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“Sometimes our light goes out, but is blown again into instant flame by an encounter with another human being.” – Albert Schweitzer
I wasn’t born an optimist, if optimists can be born, and I certainly wasn’t raised an optimist. I lived in a household of “prepare for the worst and brace yourself.” I wasn’t an overt pessimist or cynic, I just never believed the best case scenario would be the one to befall me. I learned success wouldn’t just lazily float my way; instead, I would have to work my hardest to achieve it.
As the years went on, as life became more challenging and the fog of my mental illness started billowing in, I can honestly say I did not have a single positive bone in my body or optimistic thread in my mind. My eyes saw each obstacle as a mountain I did not believe myself capable of climbing. My failure became a self-fulfilling prophecy, because without a positive attitude, I couldn’t have conquered a single one. I was lucky to have been shepherded to the beginning of recovery, but I was at a complete loss afterwards.
How was I to continue on my own when I didn’t believe myself capable?
And then, while transitioning after inpatient treatment, I met one of the most positive people who will ever walk this planet. Pardon my superlative, but her optimism is beyond comparison. My first thought after hearing her speak her mind was “Is this girl for real?” It was as though she blazed sunshine from every pore of her body. In my eyes, she was my polar opposite, but she befriended me quickly. To this day, I think it was because she recognized how much I needed her. She was generous enough to enlighten me and pull me from my own shadows. She taught me how to believe good things will happen simply because we believe they can happen. It was a completely abstract concept, but I tucked it away in my back pocket for safe keeping – essentially, if I believe in recovery, recovery will come.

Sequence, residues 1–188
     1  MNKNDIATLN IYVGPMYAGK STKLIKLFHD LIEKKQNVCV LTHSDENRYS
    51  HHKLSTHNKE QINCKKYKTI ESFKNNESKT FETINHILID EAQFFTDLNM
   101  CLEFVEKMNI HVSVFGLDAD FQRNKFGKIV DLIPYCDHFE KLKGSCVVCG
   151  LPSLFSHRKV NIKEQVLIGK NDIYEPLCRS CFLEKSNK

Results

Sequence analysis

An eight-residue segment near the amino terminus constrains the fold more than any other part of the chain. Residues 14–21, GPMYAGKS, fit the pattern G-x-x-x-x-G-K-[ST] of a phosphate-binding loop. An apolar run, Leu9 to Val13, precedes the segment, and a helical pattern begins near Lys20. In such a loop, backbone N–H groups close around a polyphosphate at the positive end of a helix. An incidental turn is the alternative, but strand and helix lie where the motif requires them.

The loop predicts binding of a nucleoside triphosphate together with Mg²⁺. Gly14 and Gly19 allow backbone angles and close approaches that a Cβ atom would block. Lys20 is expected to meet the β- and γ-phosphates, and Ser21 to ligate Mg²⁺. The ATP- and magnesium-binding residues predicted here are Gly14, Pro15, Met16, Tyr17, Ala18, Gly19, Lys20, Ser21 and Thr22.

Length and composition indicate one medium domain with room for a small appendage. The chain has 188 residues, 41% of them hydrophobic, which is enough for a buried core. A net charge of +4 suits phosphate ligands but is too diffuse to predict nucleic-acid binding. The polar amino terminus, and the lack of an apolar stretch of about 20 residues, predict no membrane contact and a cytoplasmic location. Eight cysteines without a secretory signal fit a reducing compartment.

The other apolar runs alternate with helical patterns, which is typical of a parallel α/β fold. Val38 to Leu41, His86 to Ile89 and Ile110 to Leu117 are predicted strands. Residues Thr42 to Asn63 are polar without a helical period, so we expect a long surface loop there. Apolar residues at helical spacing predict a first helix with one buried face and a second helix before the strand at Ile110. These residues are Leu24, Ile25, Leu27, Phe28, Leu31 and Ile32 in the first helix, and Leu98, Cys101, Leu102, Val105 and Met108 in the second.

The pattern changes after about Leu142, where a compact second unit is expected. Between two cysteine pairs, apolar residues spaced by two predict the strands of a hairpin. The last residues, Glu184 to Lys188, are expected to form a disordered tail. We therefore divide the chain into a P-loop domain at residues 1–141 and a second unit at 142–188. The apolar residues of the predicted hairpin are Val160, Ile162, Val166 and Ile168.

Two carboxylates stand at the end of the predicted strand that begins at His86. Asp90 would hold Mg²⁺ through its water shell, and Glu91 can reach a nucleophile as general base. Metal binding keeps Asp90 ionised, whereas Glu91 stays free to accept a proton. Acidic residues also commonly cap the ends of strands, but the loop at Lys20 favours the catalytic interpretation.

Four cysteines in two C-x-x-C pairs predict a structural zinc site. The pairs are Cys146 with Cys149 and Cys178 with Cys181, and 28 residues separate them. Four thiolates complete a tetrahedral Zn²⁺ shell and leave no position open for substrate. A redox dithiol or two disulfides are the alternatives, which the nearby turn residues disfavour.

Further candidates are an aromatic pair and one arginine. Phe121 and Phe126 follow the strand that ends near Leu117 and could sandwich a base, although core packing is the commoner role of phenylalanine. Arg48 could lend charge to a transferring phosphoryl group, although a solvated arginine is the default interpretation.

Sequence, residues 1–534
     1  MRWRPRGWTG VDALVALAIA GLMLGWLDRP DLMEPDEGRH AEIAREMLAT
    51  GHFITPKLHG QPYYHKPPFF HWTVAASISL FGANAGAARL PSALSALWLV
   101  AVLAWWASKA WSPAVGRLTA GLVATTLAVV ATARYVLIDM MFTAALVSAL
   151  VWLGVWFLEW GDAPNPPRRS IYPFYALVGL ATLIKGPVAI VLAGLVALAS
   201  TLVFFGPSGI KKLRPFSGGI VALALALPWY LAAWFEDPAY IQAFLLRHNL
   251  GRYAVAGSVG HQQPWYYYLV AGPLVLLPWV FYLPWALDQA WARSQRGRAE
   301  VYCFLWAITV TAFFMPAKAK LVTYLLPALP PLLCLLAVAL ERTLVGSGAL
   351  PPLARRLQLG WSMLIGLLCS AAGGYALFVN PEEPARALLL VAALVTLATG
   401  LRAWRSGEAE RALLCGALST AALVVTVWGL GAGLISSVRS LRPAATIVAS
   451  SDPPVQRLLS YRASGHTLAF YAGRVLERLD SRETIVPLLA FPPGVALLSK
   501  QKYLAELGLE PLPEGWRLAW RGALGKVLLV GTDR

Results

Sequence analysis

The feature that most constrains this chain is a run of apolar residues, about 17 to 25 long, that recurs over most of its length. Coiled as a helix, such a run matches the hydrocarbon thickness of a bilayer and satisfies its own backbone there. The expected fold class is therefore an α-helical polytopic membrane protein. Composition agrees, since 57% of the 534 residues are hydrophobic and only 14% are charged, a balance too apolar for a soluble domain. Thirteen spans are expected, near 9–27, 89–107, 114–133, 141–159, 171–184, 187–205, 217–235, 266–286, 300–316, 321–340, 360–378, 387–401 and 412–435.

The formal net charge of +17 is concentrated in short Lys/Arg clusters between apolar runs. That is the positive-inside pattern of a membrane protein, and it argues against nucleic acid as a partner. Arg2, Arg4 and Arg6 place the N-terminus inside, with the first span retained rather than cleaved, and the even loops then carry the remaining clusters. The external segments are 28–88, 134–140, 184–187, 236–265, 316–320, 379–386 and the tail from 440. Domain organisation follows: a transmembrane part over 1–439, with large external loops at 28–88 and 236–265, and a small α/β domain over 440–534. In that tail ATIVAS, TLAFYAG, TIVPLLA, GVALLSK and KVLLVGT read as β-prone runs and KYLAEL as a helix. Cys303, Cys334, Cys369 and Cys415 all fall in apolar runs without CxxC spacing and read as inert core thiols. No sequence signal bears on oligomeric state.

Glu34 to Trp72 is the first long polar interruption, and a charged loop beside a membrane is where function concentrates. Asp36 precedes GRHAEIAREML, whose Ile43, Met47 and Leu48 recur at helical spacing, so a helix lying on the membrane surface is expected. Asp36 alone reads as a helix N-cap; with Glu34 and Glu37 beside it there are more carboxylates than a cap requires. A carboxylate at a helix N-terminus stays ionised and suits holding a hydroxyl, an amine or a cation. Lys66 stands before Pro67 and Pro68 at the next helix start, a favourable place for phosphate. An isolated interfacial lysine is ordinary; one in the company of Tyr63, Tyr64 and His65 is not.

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But life on the pathway through recovery from any mental illness is treacherous, fraught with unforeseen obstacles and previously unsought destinations. I was having trouble navigating this new world alone, and found, as I stumbled through sustaining my recovery, I continued to hit major highs and lows (as everyone in recovery does). Looking back, those peaks and valleys were entirely defined by my headspace at the time. If I was able to cultivate an optimistic outlook and positive attitude, I felt like I was on top of the world. When I lost faith, I would struggle greatly and inevitably slip, without a ledge or extended hand to steady myself.
And so I decided to make the terrifying decision to reach out for the help of others. To me, bad days feel like standing in the middle of a room where no speck of light can enter. Suddenly, the darkness takes on crushing weight and looms with impending doom. Alone, it feels impossible to fight my way from the room, the darkness, and the fear. To me, asking for help is equal to having a friend in those shadows alongside me, a friend who knows the layout and where to find the light switch. And so we join together, fight the darkness and find the light – a dauntingly insurmountable task when attempted without a hand to hold.
This means I am reliant on my friends some days. I would not be here without the positivity I borrowed from them during my darkest times. As I have progressed, I have been able to generate positivity on my own. Nowadays, I know where to find those light switches, more often than not. I have formed relationships based on reciprocity and mutual reliance, where whoever is feeling more positive that day will take the lead. These are my favourite kind of relationships, the ones in which trust abounds and I know together we will conquer. When I feel my pessimism beginning to rise, I know who I can call to help me quell the stressor. Often, these same friends will call on me when they are in need of a shot of optimism to the heart and mind.
How do my friends and I generate positivity? By relying on the concept of strength in numbers. Fear may trap us one at a time, but it will never ensnare us all at once. With some, venting is therapeutic; feelings are acknowledged and respun with a new, optimistic outlook. We listen, encourage, do our best to inspire, and wear the smiles borrowed from one another.
Positivity may not be one of my innate assets, but by keeping it as one of my greatest priorities, I will be far more successful in recovery. And by holding close those who will help me when I am lost in the shadows, they become escapable because I will never have to fight alone.
Light is infinite. When lost, we should never stop searching – oftentimes the switch is right beyond our fingertips. Reach out, find the light, and never, ever surrender faith.
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The opinions and information shared in this article may not represent that of Libero Network Society. We hold no liability for any harm that may incur from reading content on our site. Please always consult your own medical professionals before making any changes to your medication, activities, or recovery process.